Wedding Crashers is one of the most popular comedies to hit theaters in at least a decade. A combination of two important genres – bromance and romantic comedy – the film can provide insight into how men and women show emotion. The tendency of films is to exaggerate all aspects of relationships, mostly for dramatic effect. This is true in Wedding Crashers, and because of that, it is more of a critique on the way society views male and female emotion rather than being an accurate depiction of emotional showings. The film’s depictions do not perfectly align with what the course has taught on gendered emotion, but it can be a useful tool for critically analyzing and discussing some of society’s assumptions about how men and women operate in this regard.
The film does present a complex picture of the male experience of emotion. John Beckwith, played in the film by Owen Wilson, is the prototypical sensitive male. In his attempts to woo Claire Cleary, he shows a wide range of emotional sensitivities. He is shown as being highly supportive of her as she discusses her relationship with her new fiancé, Sack Lodge. He is not quick to anger, but rather, prefers a more muted and sensible emotional arrangement. On the other end of the spectrum is Lodge, a character who, even during his own wedding, displays the macho bravado that is typical of men in movies. Somewhere in between lies Jeremy Grey, who initially rejects concepts of love for cheap and meaningless entanglement. Later, however, Grey comes around and becomes something of a hopeless romantic. Likewise, Grey is shown as being very heated in his relationship with Beckwith. He is prone to temper tantrums if he does not get his way, and his emotions in that particular relationship are very shallow.
One the female side, Claire Cleary is the primary portrayal of female emotion. She is shown as emotionally needy in some respects. Even though she is in a relationship, that relationship is not healthy, and she is not receiving the sort of attention or love that she wants. The entire premise behind the movie has to do with her desire to seek love outside of her relationship, a sign that she might not be the most emotionally stable person. Likewise, she is shown, at least at the original wedding, as being a woman who has the ability to display a deep range of meaningful emotions, but is reticent to do so, even in giving a speech for her sister. Gloria Cleary is painted as the infantile sister who is incapable of dealing responsibly in a mature way. She is prone to hissy fits, similar to Grey’s fits with Beckwith. Her entire visage can be contrasted with that of her sister, as she is foil to her sister’s evolved, yet needy emotional state.
Necessarily, in order to create contrast, filmmakers have to simplify characters, especially in comedies where deep character exploration is not the goal. While the characters, taken together, did provide a full picture of what male and female emotion tends to look like, the individual characters themselves left something to be desired. There exists no emotionally stable woman in the film, which is something of a disservice. Even mother Cleary is shown as being somewhat unstable, as she seeks lust outside of her marriage to Secretary Cleary. The depictions of male emotion are somewhat more representative. The film did a good job of showing the different places where males can fall on the spectrum, from emotionally mature to shows of masculinity to something in-between with Grey. Likewise, the male characters were less monolithic and more prone to change than the female characters. While this probably was a disservice to the female characters, it was more representative of the human emotional experience.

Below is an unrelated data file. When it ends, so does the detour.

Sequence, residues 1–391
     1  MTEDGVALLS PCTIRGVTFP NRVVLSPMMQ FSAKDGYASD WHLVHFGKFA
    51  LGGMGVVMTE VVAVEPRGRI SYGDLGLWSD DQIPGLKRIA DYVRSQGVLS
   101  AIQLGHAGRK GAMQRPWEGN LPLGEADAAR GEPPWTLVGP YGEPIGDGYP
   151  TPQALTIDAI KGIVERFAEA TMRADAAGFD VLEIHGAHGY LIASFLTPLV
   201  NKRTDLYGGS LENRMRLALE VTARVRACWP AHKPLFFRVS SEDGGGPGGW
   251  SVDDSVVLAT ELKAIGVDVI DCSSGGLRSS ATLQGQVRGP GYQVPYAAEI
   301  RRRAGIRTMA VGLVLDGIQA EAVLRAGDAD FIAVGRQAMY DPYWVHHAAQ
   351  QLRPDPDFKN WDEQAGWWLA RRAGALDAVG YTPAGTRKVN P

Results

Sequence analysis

The psychology suggests that while there are very few differences in emotion between men and women, societal rules puts constraints on how those emotions can be expressed. Women are more likely to be attentive to the cognitive cues of their environment, and this was depicted in the film. Much of the emotional struggle for Claire is environmental. Likewise, men are said to be more attentive to the physiological cues associated with their own individual arousal. Jeremy Grey, who gets himself into a difficult situation despite the consequences, is mostly responding to his own physiological needs. In addition, the film provides a perfect example of how societal constraints can change the way emotions are displayed. Take, for example, the case of Sack Lodge punching Beckwith in a show of masculine anger. This is appropriate for a male in the situation, but it would be inappropriate for a woman to display that sort of anger according to society’s arbitrary rules. Women, it seems, are expected to be “softer” in emotional tone. There is, however, one break from this norm, as the older grandmother has no problem showing highly inappropriate emotions, including firing guns at people and making reckless comments. She operates outside of the bounds of gendered emotional expectations, however, given her advanced age.
Ultimately, this film, given its popularity, has the ability to shape the views of its viewers on issues of gender and emotion. Films like this could influence, more than anything else, the societal expectations on how emotions are to be shared by men and women. Ultimately, people are constrained by the rules and constructs that society puts into place. Those roles are shaped in large part by popular media, and when movies like Wedding Crashers bluntly assert that one set of emotional responses is proper for women and another set is proper for men, society will tend to run with that. To the more evolved viewer, these movies could serve as an opportunity to critically analyze the way society treats gendered emotion, and these films could be a launching point for societal critique on our current expectations.